and even though in the context of the whole story this trip might appear a bit delayed for me—it was in no way a disappointment. i enjoyed every single minute of our time spent across the pond this week. i suppose in many ways it was an entirely different experience as a 48 year old taking my daughter than it would have been as a 21 year old discovering it alone for the first time. but, regardless, it was wonderful and so special to have my own daughter by my side.

i hadn’t thought of that 27 years ago sitting in my dorm room and dreaming. how could i? as a 21 year old i had only dreams for myself to go. but instead, the plan worked for me to wait and take my daughter -- now, herself turning 21 this month. i couldn’t have cooked up this scenario (rarely can we) … but am so thankful for the gift it has been. and, let's not forget to mention the fact that we got to throw paris into the deal as well!

i was looking for the restroom before the service began
tonight, when i opened my laptop somewhere in the middle of our 10 hour crossing of the ocean, the plan was to write about the trip details and share our itinerary, but this story came out instead. sometimes that happens. it might not be the most thrilling tale you’ve ever read (i do, however, highly recommend wuthering heights) but i hope you can find at least a piece of encouragement here.

two pieces, in fact -----

first off, if at all possible, seize every opportunity for adventure. of course i had the most wonderful time this week, but i can’t lie and tell you i haven’t many times wished i had gone 27 years ago. it’s not discontentment with the course of my life or even regret really. realizing that i might have missed this adventure doesn't ruin anything or diminish my happiness one bit, but it makes me aware of how sometimes we do pass up good things because we might feel overwhelmed or afraid. i do wish someone had told that 21 year old jody, "just pack your bags and go.” i know we probably all feel that way about something. i suppose it's pretty common. and, honestly, i think it’s perfectly okay to call it what it is. we can’t pretend that missed opportunities don’t matter. they matter, but they don’t always mean the road we chose was wrong, only that it’s possible we didn’t take advantage of a blessing God might have had waiting for us.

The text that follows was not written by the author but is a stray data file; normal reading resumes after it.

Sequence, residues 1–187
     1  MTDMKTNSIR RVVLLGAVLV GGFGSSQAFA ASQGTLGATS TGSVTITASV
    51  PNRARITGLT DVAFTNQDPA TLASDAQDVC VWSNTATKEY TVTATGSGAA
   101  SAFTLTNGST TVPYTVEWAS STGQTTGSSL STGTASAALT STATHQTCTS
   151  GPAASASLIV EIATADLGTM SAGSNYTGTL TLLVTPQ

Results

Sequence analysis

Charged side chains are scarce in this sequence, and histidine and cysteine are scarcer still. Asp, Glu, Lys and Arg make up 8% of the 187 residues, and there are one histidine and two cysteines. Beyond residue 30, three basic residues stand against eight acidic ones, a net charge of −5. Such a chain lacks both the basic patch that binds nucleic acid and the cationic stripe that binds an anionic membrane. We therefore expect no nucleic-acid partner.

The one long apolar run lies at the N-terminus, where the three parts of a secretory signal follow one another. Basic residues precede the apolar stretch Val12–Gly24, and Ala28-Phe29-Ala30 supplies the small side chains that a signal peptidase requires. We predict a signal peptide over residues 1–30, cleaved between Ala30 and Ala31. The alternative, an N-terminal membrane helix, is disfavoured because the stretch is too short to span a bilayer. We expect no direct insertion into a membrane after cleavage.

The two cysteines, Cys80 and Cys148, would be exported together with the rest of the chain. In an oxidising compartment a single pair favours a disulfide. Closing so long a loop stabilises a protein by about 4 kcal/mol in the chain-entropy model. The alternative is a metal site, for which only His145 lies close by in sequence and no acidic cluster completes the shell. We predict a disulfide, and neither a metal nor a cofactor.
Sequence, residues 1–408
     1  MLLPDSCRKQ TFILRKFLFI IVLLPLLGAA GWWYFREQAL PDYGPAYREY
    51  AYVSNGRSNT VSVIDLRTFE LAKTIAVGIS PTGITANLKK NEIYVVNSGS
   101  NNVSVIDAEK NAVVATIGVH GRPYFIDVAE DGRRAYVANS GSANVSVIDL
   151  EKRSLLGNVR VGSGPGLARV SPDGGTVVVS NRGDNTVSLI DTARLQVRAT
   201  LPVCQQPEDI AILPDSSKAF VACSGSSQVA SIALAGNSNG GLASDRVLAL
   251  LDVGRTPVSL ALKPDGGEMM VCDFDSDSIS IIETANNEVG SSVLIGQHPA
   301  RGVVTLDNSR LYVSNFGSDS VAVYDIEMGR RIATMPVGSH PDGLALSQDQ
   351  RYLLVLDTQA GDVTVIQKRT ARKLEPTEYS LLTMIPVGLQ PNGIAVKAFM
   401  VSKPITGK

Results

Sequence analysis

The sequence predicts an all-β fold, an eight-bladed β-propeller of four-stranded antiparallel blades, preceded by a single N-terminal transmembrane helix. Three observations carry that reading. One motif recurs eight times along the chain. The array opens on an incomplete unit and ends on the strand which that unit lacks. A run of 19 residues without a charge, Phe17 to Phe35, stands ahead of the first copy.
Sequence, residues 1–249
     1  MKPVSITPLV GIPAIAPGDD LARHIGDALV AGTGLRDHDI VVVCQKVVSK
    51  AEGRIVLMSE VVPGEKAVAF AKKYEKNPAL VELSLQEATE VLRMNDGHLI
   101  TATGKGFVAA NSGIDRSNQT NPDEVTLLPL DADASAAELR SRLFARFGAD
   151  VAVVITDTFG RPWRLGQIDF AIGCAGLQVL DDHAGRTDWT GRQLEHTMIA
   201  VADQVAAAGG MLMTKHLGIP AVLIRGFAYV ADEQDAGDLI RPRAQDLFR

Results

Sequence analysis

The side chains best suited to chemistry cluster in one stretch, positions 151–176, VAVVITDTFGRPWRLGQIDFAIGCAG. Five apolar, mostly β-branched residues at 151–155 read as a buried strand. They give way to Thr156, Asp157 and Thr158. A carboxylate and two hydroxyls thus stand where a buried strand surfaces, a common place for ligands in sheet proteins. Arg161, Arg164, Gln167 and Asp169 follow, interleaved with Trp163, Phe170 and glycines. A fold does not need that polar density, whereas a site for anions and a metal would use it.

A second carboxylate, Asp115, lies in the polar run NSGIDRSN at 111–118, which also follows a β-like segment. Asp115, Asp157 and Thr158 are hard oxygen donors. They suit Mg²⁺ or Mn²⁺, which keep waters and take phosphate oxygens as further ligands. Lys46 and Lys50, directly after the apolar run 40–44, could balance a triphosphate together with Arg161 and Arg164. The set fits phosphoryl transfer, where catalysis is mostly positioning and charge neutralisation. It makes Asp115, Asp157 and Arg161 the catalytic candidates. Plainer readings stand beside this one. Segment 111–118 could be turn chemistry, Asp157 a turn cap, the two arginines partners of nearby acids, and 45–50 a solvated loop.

a pigeon's eye view
God understands that because He understands us and in no way does it negate or lessen the perfection of His plan for each one of His children.

our dreams and desires … God’s direction and plan … i’ll be honest, i--very much unlike God--don’t completely understand how all of it works together. but i do trust His timing. and, furthermore, i do know that even all these years later, gazing over into the poets corner of westminster abbey this past sunday morning, i had goose bumps and was overwhelmed with thankfulness for a dream finally fulfilled. a dream which included my first born sitting right by my side.